mind/matter dichotomy

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mind/matter dichotomy

Postby dakini_boi » Thu May 17, 2012 5:05 pm

Malcolm wrote:The contradiction between sutra and tantra on the one hand, and Dzogchen on the other, concerning the difference/non-difference between mind and matter is not an important contradiction.


This is an intriguing point that Malcolm has made a few times lately. I had never heard it put in quite that way. I'm wondering, Malcolm, if you could give a short explanation of the sutra, tantra and dzogchen view on mind/matter. I would have thought that even in sutra, and definitely in tantra, because the nature of both mind and matter is emptiness, there would be no such dichotomy.
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Re: mind/matter dichotomy

Postby Malcolm » Thu May 17, 2012 5:44 pm

dakini_boi wrote:
Malcolm wrote:The contradiction between sutra and tantra on the one hand, and Dzogchen on the other, concerning the difference/non-difference between mind and matter is not an important contradiction.


This is an intriguing point that Malcolm has made a few times lately. I had never heard it put in quite that way. I'm wondering, Malcolm, if you could give a short explanation of the sutra, tantra and dzogchen view on mind/matter. I would have thought that even in sutra, and definitely in tantra, because the nature of both mind and matter is emptiness, there would be no such dichotomy.


If you elevate everything to the ultimate level, even "...matter is unconditioned without anything missing", as it says in the Yum Chenmo, the sutra of Perfect Wisdom in 100,000 lines.

But the Buddhist scholastics from Sarvastivada up to Dharmakirti have always maintained a hard division between mind and matter, between nāma on the one hand and rūpa on the other. For example, in the account of the twelve links in the Vibhanga, the Pali Abhidharma compendium, when discussing the twelve nidanas, it even leaves off the rūpa in the nidana of nāmarūpa, running ignorance, formations, consciousness, name, etc.

The Yogacara school attempts to supercede this dualism through asserting that everything is fundamentally a projection of the mind -- in fact the 15th century Lamdre Master Khyentse Wangchuk states, there is no dualism of mind and matter because everything is mind.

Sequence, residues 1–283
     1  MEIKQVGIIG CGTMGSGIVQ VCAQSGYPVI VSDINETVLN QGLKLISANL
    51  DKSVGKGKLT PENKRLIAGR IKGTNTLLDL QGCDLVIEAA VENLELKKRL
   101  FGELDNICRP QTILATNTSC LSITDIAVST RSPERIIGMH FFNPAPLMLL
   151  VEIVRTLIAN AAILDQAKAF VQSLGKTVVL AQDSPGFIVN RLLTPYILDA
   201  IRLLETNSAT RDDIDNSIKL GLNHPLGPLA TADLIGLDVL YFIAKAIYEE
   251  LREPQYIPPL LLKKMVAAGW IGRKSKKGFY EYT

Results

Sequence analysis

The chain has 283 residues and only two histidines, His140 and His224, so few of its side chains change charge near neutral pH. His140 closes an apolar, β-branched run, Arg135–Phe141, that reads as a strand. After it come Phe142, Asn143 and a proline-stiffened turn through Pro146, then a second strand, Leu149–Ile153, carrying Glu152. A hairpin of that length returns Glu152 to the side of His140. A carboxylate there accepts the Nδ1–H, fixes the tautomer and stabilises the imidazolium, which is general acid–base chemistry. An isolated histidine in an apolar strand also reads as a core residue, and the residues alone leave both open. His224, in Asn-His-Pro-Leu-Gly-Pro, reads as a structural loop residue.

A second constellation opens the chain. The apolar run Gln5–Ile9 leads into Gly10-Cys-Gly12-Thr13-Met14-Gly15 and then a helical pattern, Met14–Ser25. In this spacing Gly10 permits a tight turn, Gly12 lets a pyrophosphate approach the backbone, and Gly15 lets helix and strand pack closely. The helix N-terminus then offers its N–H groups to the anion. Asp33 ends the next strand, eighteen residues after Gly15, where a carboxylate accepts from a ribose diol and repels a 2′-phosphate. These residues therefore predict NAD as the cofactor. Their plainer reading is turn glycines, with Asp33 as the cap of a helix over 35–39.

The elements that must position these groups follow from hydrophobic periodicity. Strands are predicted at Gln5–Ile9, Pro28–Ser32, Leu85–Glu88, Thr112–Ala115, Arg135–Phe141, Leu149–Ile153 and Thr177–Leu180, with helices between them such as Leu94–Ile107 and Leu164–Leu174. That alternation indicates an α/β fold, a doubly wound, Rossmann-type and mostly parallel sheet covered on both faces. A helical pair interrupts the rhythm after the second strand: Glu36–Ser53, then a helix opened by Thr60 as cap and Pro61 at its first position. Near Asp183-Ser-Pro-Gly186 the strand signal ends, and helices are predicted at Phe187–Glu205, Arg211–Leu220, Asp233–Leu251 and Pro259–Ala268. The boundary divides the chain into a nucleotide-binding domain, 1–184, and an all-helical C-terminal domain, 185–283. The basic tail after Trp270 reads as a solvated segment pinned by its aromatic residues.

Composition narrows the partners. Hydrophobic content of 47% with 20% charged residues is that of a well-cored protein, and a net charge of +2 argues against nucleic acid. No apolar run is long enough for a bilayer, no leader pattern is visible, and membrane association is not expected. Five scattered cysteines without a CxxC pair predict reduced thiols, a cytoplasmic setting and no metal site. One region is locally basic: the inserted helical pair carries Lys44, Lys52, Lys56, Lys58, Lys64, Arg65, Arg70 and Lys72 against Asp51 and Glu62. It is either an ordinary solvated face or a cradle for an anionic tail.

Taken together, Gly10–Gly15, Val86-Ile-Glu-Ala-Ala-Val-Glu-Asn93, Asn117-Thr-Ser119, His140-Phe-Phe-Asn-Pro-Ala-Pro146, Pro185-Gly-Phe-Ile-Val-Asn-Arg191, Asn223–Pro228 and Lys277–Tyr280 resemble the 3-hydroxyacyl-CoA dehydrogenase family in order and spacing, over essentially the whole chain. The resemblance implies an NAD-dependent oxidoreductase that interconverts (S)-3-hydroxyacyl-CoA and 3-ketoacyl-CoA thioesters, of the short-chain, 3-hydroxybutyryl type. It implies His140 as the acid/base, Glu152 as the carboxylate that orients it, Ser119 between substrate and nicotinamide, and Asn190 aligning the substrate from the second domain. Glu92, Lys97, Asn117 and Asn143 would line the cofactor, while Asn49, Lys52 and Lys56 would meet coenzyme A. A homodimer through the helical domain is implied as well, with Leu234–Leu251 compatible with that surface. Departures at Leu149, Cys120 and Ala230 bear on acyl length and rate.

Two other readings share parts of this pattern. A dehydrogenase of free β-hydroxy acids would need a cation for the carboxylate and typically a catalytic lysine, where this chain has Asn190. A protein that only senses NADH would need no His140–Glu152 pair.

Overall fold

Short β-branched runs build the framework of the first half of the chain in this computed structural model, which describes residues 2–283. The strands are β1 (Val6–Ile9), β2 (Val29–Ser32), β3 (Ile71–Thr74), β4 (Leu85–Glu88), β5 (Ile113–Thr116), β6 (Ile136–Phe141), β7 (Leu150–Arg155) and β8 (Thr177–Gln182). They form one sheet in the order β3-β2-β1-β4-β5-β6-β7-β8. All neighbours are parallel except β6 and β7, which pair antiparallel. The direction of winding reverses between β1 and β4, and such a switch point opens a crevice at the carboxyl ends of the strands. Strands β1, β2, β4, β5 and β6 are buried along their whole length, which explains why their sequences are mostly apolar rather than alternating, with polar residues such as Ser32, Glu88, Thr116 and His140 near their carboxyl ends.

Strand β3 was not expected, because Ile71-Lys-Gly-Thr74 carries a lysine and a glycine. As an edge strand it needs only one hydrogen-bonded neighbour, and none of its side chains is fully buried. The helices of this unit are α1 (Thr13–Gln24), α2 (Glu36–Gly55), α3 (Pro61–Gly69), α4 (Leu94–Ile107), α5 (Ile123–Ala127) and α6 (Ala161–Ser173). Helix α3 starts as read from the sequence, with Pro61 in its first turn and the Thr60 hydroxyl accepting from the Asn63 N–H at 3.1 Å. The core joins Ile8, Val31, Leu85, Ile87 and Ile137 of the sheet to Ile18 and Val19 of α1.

As we know, Madhyamaka adopts the conventional truth either according to the Sautrantika system, or the Yogacara system. But since it's own perspective is grounded in the Prajñāpāramitasūtras, it regards distinctions such as mind and matter to be merely conventional designations that do have any real basis apart from imputation.

But we can see that this division is well preserved in Buddhist tantric literature (as well as Hindu tantric literature) when we find for example that the mind is described as a rider of a horse, vāyu. This is because both forms of tantra, Buddhist as well as Hindu, are concerned with the mechanics of the body for understanding how to gain realization through our embodiment through the practice of various kinds of yoga.

Granted, this is sometimes is found in Dzogchen literature as well. But when we examine that actual system of Dzogchen according to the ancient Dzogchen tantras, we find that in fact even consciousness itself is generated phsyiologically in the body by a vāyu. I have yet to find in an original Dzogchen tantra the common Buddhist term khams drug, sadadhātu i.e. earth, water, fire, air, space and consciousness. I may yet find it, but at least the Valby KWIC tool does not in fact list it in the 83 or so important Dzogchen tantras that he converted into searchable text files. It also does not list every instance of thod rgal in the Dzogchen tantras as well so its look up routines are not completely infallible. But there are hundreds of references to the five elements ('byung lnga, pañcabhutani).

I have been also examining the Mdzod phug lately, Bon "Abhidharma" and cosmology, is largely freed from the constraints of Buddhist conservatism, has very interesting things to say about the five elements and so on, and when is a text clearly influenced by Dzogchen. A kind of Dzogchen Abhidharma. One of the reasons why I started looking into this text is that the Rigpa Rangshar tantra contains a very breif mention of a primordial egg cosmology which accounts for the formation of the world, similar to the Vedas and Bon:

Now, to demonstrate the ignorance of the object of delusion: delusion is deluded by the forgoing. The field is prior to the formation of the world; a so called “wish-fulfilling tree” grows, a tree growing from the blessing of the youthful vase body of the buddha, born from warmth and moisture which arose from an egg. The Sahāloka formed from the mind disturbing the so-called self-originated wisdom in that. That is called the ignorance of the field of delusion.

M
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Re: mind/matter dichotomy

Postby trevor » Thu May 17, 2012 7:30 pm

While we're at it...

Malcolm wrote:A more important contradiction between sutra, tantra and Dzogchen is that the latter is a vehicle beyond cause and result, whereas both sutra and tantra are vehicles of cause and result.